Without a public editor, the New York Times‘ executive editor gets the last word on the word “torture.”
The New York Times’ public editor role was killed off a mere three weeks ago (FAIR.org, 6/1/17), but its absence is already being felt. Yesterday, the Times published the first installment of the paper’s new “Reader Center,” the ostensible replacement to the public editor, and, not surprisingly, it thoroughly underwhelmed.
Reading much like an online version of a letters to the editor page, the inaugural Reader Center was comprised of five short items, only two of which were of serious import to the paper’s coverage. The other three included a breezy social-media back and forth between a staff photographer and a reader about an archival photo, one item of self-promotion about a Times investigative piece, and a update on the subscriber who won a contest to visit the newsroom. Quite a mixed signal to readers who have serious questions or issues with the paper’s coverage. (The Reader Center added an additional administrative item this morning noting that, contrary to right-wing media reports, former FBI Director James Comey did not visit the Times offices yesterday.)
Even among the two items that did raise coverage concerns, the degree to which this new Reader Center pales in comparison to a dedicated public editor was clear. Both of these issues—one on the Times’ use of the word “torture” in a recent exposé, and one critiquing the ethics of how the paper visualized obesity through photography—elicited cursory responses from the paper’s editorial staff.
On the former, Times executive editor Dean Baquet brushed off reader complaints about the exposé’s use of the phrase “widely viewed as torture” as tantamount to simply writing “torture.” He then indulged in a little more self-praise about the paper’s commitment to covering the issue.
With no public editor to mediate or push back, or add context, Baquet’s word became the final one. Readers are left with no advocate to push Baquet on the Times’ long, ignominious history of bowing to White House pressure by not using the word “torture” (FAIR.org, 8/8/14) or, contrary to Baquet’s boasting, sidestepping coverage of the issue (FAIR.org, 8/18/14).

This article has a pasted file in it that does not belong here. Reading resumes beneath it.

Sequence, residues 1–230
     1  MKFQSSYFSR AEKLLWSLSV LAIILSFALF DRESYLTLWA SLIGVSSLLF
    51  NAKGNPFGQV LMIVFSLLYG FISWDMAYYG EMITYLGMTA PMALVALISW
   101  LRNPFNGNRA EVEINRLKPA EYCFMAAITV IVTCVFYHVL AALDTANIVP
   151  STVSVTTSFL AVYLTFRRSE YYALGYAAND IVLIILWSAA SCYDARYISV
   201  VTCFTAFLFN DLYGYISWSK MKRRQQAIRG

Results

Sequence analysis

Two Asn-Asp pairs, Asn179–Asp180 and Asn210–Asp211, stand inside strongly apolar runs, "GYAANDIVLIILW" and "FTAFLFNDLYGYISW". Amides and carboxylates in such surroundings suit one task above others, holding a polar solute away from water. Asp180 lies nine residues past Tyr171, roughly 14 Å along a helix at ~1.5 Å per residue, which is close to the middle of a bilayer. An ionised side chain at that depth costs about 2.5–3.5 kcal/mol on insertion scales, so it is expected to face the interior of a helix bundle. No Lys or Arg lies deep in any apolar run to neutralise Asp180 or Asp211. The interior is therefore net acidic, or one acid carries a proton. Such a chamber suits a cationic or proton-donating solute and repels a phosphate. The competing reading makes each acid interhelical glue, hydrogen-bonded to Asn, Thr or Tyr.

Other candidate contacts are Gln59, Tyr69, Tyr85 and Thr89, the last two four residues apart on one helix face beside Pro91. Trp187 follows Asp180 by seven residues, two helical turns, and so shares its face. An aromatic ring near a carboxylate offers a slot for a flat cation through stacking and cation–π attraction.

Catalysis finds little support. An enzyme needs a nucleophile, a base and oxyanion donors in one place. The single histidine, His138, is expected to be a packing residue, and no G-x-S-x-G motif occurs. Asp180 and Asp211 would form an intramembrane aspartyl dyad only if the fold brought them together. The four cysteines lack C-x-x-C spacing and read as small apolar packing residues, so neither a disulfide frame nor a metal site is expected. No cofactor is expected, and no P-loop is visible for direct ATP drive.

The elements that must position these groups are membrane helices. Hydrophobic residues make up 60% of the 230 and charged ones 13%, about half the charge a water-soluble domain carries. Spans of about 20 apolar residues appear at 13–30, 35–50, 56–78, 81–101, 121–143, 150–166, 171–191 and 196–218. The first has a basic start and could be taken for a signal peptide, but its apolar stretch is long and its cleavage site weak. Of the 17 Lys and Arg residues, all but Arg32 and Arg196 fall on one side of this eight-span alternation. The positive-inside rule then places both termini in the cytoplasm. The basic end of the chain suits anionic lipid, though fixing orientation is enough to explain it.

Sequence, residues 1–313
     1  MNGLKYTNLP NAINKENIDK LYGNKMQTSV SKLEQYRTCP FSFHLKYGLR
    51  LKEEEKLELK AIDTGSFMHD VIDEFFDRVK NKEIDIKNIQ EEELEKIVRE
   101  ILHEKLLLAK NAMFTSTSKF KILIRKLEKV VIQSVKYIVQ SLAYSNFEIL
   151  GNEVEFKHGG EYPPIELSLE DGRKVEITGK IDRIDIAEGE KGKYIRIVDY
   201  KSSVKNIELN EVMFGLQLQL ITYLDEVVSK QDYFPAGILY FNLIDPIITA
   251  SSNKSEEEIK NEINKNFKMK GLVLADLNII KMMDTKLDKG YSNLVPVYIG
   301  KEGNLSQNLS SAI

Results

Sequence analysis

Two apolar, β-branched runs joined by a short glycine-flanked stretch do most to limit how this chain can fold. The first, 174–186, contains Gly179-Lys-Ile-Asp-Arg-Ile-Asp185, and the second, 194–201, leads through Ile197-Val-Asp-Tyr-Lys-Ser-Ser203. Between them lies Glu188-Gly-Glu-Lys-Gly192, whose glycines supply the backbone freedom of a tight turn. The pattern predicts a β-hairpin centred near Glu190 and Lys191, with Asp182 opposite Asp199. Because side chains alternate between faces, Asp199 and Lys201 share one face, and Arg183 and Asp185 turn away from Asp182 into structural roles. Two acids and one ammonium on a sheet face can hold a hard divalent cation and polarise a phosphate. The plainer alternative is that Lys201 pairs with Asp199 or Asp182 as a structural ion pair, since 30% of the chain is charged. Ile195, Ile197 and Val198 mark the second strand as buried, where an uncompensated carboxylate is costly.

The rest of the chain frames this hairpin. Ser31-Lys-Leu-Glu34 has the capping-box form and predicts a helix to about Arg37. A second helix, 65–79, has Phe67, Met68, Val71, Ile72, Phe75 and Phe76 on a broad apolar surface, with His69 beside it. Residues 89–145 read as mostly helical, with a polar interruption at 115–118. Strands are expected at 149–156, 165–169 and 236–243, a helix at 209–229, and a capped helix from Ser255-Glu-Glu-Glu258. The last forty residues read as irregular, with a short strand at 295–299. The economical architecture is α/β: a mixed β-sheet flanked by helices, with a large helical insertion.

Likewise, a real public editor might have pointed that the “widely viewed as…” caveat also appeared in the exposé’s subhed, giving it more narrative power than Baquet suggested. Or even questioned the logic of using this caveat at all, since it, by own Baquet’s account, was aimed at “describing the perspective” of the architects of a torture program–hardly the point of view you’d want investigations of torture to adopt.
This step backward in accountability and transparency is to be expected, however. By removing the interrogatory power of a staff ombud, the Times not only insures it will have the last word on any issue of its coverage, it effectively tilts the conditions for all critical debate fully in favor of its staff and masthead. It’s a media criticism version of “the house always wins.”
Back in 2013, the Washington Post tried to pass off a similar “Reader’s Representative” replacement when it killed off its ombud. The paper quietly ended that experiment too, after nine months of similarly useless, ephemeral and unresponsive columns.
Now more than ever, the Times’ coverage is in the spotlight, but the veneer of faux-accountability it’s offering is not only bad for readers, it’s a long-term gamble for the paper. It’s a given that the next big missed story or ethical lapse the Times makes won’t be prevented by this Reader Center. And if future installments of it are like the first, the paper likely won’t learn any journalistic lessons from those mistakes after the fact, either.
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